There are many divisions in Hinduism, but the three major sects are Saivism (worshipers of Shiva, mainly in the south of India), Vaishnavism (worshipers of Vishnu, in the north), and Shaktism (worshipers of Shakti, in the region around Calcutta). Reincarnation is a basic Hindu belief. (Reincarnation is theologically unacceptable to Christianity, although some who profess to be Christians believe in it.) Hindus believe that the soul experiences life in many successive physical bodies, and that through these "lives" it learns more and more of the lessons that lead to perfect understanding. When perfect spiritual purity is reached the soul attains mukti — it then is no longer subject to being pulled back into incarnation in a physical body. The ultimate goal is the achievement of Nirvana, the emancipation from ignorance and the extinction of all attachments. It is an ideal condition of rest, harmony, stability, and joy, in perfect communion with Brahman.
Hinduism has no commandments, and thus no formal religious law, although the principles set forth in the Vedas have the authority of law. The cow is sacred to all Hindus. The strictest observers will not take any life, even for food, and this position is supported in the sacred writings. Many, however, particularly in the north of India, do eat meat. About a quarter of all Hindus are strict vegetarians. Many non-Hindus are misled about vegetarianism. For example, it is not true that Hindus will not use the products of the cow — they rely heavily on dairy products. Hindus view the cow, the provider of milk and all its products, as the most giving of all creatures. To the Hindu, all living creatures are sacred, and the cow, because it is the gentle source of so much sustenance, is the symbol of life (much as Western cultures view the eagle as the symbol of power). Hindus also honor the cow's docility and apparent peacefulness.
Most Hindu women and many men wear the pottu, a dot on the forehead, symbolic of a third eye. This represents the spiritual insight that all Hindus seek to awaken through yoga. Traditionally women wear a black dot before marriage and a red one afterward, although that tradition is fading. Today many use a color to complement their sari, the silk wrapping used as a gown. There are many subtle variations of the dot to communicate one's sect and religious or social status.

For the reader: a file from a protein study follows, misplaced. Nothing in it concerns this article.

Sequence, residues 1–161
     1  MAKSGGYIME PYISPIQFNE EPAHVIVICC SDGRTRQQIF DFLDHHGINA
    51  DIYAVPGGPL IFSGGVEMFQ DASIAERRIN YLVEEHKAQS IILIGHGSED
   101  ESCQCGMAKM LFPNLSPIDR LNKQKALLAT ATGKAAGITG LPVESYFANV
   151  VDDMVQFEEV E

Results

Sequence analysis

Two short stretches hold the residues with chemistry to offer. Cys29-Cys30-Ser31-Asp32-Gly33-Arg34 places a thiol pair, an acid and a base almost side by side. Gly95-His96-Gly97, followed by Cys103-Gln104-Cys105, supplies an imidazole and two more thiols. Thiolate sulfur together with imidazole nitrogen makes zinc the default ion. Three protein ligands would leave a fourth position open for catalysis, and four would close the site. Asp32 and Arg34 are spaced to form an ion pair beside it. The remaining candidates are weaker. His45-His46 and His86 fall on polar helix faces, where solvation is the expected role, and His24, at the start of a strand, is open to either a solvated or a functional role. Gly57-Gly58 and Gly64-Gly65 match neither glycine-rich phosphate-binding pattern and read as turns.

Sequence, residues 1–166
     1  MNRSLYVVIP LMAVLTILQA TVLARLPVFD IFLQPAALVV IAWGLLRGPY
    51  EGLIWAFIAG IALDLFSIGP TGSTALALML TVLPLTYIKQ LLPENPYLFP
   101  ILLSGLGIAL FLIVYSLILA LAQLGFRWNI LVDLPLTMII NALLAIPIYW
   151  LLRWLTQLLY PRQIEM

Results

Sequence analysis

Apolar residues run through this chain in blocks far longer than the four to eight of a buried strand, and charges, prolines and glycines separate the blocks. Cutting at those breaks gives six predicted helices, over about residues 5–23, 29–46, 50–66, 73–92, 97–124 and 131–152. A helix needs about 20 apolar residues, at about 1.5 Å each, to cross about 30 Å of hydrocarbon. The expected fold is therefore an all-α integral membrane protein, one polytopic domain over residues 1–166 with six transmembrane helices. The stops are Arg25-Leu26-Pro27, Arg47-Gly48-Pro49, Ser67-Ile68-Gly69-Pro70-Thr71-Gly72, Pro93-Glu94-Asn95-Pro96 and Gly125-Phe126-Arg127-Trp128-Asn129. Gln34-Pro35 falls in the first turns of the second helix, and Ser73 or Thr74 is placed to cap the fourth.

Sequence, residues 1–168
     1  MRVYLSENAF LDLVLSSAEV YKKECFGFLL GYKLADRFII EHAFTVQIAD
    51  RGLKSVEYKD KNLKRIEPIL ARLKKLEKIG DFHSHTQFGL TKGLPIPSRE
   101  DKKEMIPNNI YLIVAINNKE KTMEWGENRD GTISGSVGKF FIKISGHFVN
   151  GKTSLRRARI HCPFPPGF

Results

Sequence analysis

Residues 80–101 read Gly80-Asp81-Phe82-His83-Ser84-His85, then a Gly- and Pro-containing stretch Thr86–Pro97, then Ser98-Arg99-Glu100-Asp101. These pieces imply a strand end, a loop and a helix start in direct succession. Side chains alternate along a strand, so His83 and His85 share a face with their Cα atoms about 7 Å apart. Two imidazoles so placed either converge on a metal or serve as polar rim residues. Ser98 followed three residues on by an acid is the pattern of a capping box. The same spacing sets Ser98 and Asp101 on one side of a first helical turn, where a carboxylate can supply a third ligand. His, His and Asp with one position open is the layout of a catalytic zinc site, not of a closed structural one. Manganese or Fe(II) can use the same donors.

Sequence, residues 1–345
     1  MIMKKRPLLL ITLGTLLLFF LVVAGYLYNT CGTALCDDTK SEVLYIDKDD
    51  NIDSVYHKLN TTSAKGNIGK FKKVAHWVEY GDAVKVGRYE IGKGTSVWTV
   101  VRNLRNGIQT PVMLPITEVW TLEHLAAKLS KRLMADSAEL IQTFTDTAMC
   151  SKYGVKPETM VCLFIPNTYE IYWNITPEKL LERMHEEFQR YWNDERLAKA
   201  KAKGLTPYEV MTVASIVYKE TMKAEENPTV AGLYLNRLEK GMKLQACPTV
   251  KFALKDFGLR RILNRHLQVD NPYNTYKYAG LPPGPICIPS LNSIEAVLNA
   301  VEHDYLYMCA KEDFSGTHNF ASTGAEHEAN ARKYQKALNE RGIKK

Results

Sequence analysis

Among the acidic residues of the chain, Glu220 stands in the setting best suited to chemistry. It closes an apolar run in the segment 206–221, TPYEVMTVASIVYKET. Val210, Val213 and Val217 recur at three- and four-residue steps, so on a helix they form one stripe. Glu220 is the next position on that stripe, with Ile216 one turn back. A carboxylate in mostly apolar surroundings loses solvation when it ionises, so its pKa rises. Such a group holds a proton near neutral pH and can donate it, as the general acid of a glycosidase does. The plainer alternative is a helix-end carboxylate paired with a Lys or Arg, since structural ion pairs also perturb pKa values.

According to tradition, mankind is directly descended from Brahma in four emanations, forming the castes. The Brahmans (priests and rulers) descended from his head; the Shatryans (warriors) from his breast; the Vaissyas (farmers and merchants) from his thighs; and the Sudras (mechanics and laborers) from his feet. Another caste, the Pariahs ("Untouchables"), were simply created by him, and are not his direct descendants. They are permitted to do only the most menial services, and until recently could be put to death for allowing their shadow to fall on anyone of a high caste. This social structure is rigid. A person, when he is reincarnated, is assigned to a caste by Shiva. Any mobility between castes is seen as an attempt to undermine the will of the god. It is a sin to give any help or comfort to a Pariah, because he is in that caste as a punishment for his acts in a previous life. The Brahmans are those who achieved the highest Karma in previous lives.
Hinduism did not have a significant direct influence on Christianity, but it strongly influenced two faiths that grew from it, Buddhism and Zoroastrianism. The latter strongly influenced early Christian thinking, particularly with regard to the dualism between good and evil that plays such a major role in the Christian concept of the apocalypse. (This dualistic idea is rare in Hindu thinking.) In modern times, variations of yoga have become very popular among Christians as means of teaching mental, physical, and spiritual discipline.
Excerpted from The Many Faces of Faith by Richard R. Losch Copyright © 2002 by Richard R. Losch. Excerpted by permission.
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|I.||The Many Faces of Belief|
|Taoism and Confucianism||18|
|The Major Benign Cults||61|
|II.||The Many Faces of Christianity|
|A Brief History of the Christian Church||69|
|The Eastern Orthodox||76|
|The Roman Catholics||83|
|The Reformed Churches||118|
|The United Church of Christ||170|
|The Holiness and Pentecostal Movements||176|
|The Christian Scientists||187|
Posted November 10, 2003
My son has recently married a lovely lady whose religion is a different branch of Christianity from ours. I decided to do a bit of research before trying to answer some questions they had about differences and similarities among Christian Churches. Rev. Losch's essays are written for the layman. They are well-written and clear. He is interested in his subject and is able to pique the reader's interest as well. I have a much clearer understanding of church history, now, as well as the comparative beliefs of the various Christian churches. I haven't even gotten to most of the 'World Religions' essays, yet. I expect to find them just as helpful.Was this review helpful? Yes NoThank you for your feedback. Report this reviewThank you, this review has been flagged.